.net, Computer Vision, UWP, Visual Studio, Windows Store Apps

How to use the camera on your device with C# in a UWP application: Part #2, how to focus the preview

In the previous part of the series, we looked at how to preview your device’s camera output.

This part is about how to focus the device using C#. Not all devices will be capable of focussing – for example, a normal laptop webcam won’t be able to focus, but a Nokia 1520 can focus. Fortunately, we don’t need to guess – testing support for focussing is part of the API provided for Windows UWP apps. We can test this by using the “_mediaCapture” object, which we created in the code shown in Part #1.

if (_mediaCapture.VideoDeviceController.FocusControl.Supported)
{
    // Code here is executed if focus is supported by the device.
}

On my phone,  I’d like to use the camera button when it’s half-pressed to focus the image. I’m able to do this in a UWP app, but I need to add a reference to a UWP library first first.

Setting up mobile extension references

In the solution view in VS2015, right click on the “References” node, and select “Add Reference…”.

screenshot.1461183352

The window that appears is called the “Reference Manager”. On the left hand menu, expand the “Universal Windows” node, and select “Extensions”. In the list of extensions, tick the box for “Windows Mobile Extensions for the UWP”. Now click OK.

screenshot.1461183496

Testing for hardware buttons on the device, and handling events

Obviously enough, we’ve now added a reference to a library which allows you to test for the availability of certain sensors which are specific to a mobile device, such as the hardware button used to take a picture.

if (ApiInformation.IsTypePresent("Windows.Phone.UI.Input.HardwareButtons"))
{
    // This code will only run if the HardwareButtons type is present.
}

The Camera button has three events – CameraPressed, CameraHalfPressed, and CameraReleased. I’m interested in intercepting the CameraHalfPressed event for focussing, so I’ve assigned the event handler in the code below, and put this in the constructor for the MainPage class.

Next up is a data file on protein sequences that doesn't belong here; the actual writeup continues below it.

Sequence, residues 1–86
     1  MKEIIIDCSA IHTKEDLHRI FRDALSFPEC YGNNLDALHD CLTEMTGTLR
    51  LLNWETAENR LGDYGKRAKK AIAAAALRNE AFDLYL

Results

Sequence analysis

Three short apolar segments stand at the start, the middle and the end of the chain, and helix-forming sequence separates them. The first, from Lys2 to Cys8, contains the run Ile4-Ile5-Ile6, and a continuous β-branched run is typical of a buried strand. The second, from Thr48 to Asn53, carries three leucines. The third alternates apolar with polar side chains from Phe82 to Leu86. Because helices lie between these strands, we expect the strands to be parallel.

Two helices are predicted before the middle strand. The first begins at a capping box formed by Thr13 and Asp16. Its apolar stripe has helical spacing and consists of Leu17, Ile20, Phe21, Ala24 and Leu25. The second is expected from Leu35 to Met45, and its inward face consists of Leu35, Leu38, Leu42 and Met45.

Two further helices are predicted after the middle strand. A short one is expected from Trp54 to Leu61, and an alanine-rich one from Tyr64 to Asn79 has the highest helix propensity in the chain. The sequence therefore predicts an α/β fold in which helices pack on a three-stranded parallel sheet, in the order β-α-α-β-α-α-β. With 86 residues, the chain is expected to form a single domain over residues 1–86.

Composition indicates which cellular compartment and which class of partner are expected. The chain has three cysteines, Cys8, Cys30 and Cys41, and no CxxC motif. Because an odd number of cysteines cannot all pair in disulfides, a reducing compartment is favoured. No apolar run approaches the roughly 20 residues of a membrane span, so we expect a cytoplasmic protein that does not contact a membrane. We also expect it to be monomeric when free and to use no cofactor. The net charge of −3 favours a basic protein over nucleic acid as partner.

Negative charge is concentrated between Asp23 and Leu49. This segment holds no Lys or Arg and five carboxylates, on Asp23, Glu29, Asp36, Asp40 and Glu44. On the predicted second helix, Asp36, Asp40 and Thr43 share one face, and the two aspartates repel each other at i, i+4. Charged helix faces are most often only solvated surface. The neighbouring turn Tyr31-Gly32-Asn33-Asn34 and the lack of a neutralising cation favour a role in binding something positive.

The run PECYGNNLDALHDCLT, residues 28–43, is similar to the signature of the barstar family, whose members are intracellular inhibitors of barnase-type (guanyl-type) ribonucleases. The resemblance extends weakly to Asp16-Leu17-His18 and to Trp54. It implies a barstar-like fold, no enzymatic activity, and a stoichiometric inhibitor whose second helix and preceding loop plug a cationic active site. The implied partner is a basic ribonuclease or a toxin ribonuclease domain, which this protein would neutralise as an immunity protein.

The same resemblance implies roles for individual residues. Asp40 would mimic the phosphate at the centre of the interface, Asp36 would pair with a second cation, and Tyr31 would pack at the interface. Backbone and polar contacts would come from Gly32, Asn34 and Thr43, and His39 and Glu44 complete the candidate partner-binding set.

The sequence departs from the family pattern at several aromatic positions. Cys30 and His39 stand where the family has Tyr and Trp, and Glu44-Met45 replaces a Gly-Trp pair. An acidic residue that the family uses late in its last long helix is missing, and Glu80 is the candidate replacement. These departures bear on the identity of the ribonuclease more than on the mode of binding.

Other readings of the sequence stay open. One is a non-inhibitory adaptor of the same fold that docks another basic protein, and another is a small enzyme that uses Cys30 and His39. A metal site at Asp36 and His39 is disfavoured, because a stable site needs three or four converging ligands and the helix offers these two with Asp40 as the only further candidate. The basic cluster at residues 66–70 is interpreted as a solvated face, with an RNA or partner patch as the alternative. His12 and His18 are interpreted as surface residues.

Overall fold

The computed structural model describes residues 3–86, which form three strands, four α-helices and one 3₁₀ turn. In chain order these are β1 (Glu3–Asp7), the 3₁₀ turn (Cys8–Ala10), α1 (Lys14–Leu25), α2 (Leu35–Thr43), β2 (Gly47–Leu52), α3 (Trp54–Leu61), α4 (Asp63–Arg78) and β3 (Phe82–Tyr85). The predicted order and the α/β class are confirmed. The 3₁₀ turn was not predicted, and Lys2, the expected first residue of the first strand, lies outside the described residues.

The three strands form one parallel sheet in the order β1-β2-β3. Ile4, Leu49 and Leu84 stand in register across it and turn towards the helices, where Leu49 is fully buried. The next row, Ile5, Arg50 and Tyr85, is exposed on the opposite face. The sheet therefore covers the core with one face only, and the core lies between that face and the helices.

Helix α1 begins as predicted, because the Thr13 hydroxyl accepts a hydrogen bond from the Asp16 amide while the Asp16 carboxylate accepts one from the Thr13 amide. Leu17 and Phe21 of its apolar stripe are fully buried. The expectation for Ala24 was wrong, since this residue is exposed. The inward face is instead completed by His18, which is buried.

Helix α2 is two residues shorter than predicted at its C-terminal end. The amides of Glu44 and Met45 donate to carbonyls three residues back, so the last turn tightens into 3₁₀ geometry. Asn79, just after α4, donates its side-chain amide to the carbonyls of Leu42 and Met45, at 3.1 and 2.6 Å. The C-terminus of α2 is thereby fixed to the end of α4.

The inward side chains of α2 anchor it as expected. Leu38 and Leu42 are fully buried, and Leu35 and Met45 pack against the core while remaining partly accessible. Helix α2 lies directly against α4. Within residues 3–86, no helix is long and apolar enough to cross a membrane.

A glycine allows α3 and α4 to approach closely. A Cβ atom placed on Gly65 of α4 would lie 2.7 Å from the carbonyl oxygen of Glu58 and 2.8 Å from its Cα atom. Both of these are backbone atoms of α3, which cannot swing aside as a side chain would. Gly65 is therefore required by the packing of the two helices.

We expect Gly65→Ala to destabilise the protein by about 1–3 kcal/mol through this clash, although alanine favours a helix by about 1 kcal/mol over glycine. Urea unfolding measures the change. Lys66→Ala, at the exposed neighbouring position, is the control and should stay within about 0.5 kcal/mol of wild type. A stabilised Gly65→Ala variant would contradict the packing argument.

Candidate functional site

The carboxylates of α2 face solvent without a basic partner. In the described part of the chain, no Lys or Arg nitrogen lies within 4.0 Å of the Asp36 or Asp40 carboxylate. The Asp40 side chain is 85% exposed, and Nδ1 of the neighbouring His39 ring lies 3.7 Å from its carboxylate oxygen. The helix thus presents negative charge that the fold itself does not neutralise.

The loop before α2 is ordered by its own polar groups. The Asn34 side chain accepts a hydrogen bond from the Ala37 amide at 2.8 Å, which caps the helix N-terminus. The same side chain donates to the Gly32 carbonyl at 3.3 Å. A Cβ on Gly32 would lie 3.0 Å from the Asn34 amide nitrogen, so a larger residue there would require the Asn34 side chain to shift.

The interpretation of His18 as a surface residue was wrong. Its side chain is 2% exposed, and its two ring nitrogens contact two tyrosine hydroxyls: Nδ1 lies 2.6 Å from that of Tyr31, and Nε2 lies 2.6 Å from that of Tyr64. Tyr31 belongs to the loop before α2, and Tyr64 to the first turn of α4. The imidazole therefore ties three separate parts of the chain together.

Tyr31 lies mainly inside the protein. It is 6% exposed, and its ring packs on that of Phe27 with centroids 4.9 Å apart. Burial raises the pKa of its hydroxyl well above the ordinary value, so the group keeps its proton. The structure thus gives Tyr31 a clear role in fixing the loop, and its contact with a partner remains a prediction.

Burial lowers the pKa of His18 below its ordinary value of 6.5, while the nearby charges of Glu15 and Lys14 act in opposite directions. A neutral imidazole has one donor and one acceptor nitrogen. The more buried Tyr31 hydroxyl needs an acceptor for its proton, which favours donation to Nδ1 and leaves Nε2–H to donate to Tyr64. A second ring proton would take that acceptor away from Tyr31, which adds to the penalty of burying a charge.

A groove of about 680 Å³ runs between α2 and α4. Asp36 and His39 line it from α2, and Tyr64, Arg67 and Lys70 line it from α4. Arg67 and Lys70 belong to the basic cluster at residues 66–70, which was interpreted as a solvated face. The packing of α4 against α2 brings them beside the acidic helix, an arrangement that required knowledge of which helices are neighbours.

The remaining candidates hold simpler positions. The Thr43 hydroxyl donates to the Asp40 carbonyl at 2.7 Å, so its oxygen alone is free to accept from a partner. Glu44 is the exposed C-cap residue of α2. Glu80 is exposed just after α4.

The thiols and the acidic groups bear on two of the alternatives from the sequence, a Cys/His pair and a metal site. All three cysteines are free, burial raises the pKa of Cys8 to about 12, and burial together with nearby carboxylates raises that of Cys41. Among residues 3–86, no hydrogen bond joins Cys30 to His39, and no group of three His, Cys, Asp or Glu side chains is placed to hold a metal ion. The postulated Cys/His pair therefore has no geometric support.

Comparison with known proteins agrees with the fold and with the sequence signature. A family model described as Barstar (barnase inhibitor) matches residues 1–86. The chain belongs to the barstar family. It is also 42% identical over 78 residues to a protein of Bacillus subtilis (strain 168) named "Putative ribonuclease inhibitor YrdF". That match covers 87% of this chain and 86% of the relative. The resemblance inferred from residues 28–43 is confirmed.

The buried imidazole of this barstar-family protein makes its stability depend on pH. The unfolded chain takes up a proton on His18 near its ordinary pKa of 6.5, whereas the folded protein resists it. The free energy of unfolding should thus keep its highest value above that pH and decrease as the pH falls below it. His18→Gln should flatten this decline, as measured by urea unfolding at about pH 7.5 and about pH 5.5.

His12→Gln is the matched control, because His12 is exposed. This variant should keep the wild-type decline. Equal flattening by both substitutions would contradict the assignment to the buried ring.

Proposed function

if (ApiInformation.IsTypePresent("Windows.Phone.UI.Input.HardwareButtons"))
{
    HardwareButtons.CameraHalfPressed += HardwareButtons_CameraHalfPressed;
}

The event handler is shown below, including the snippet of code to test if focussing is supported.

private void HardwareButtons_CameraHalfPressed(object sender, CameraEventArgs e)
{
    if (_mediaCapture.VideoDeviceController.FocusControl.Supported)
    {
        // Focussing code is here.
    }
}

Focus range and focus mode

To focus the camera device, I need to configure the focus control of the _mediaCapture object – this means getting the focus mode and focus range. We can get the supported ranges and modes from the focus control object, and then assign these as settings. Finally, we need to call the asynchronous focus method. The code below shows how this works.

private async void HardwareButtons_CameraHalfPressed(object sender, CameraEventArgs e)
{
    // test if focus is supported
    if (_mediaCapture.VideoDeviceController.FocusControl.Supported)
    {
        // Get the focus control from the _mediaCapture object.
        var focusControl = _mediaCapture.VideoDeviceController.FocusControl;
 
        // Try to get full range autofocus, but settle for the first supported range.
        var focusRange = focusControl.SupportedFocusRanges.Contains(AutoFocusRange.FullRange) ? AutoFocusRange.FullRange : focusControl.SupportedFocusRanges.FirstOrDefault();
 
        // Try to get the focus mode for focussing just once, but settle for the first supported one.
        var focusMode = focusControl.SupportedFocusModes.Contains(FocusMode.Single) ? FocusMode.Single : focusControl.SupportedFocusModes.FirstOrDefault();
 
        // Now configure the focus control with the range and mode as settings.
        focusControl.Configure(
            new FocusSettings
            {
                Mode = focusMode,
                AutoFocusRange = focusRange
            });
 
        // Finally wait for the camera to focus.
        await focusControl.FocusAsync();
    }
}

So again, only a few lines of code are needed to register a button press event, and then configure the focus control. Hopefully this helps someone trying to set up focussing.

In the next part, I’ll look at how to change our code to actually capture an image when we fully press the camera button.